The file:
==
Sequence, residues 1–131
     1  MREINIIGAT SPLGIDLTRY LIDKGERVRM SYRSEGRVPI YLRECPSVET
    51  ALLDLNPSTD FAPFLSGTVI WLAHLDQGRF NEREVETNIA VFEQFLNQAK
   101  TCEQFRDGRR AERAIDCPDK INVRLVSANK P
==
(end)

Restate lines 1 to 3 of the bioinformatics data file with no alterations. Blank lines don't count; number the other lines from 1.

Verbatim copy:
Sequence, residues 1–131
     1  MREINIIGAT SPLGIDLTRY LIDKGERVRM SYRSEGRVPI YLRECPSVET
    51  ALLDLNPSTD FAPFLSGTVI WLAHLDQGRF NEREVETNIA VFEQFLNQAK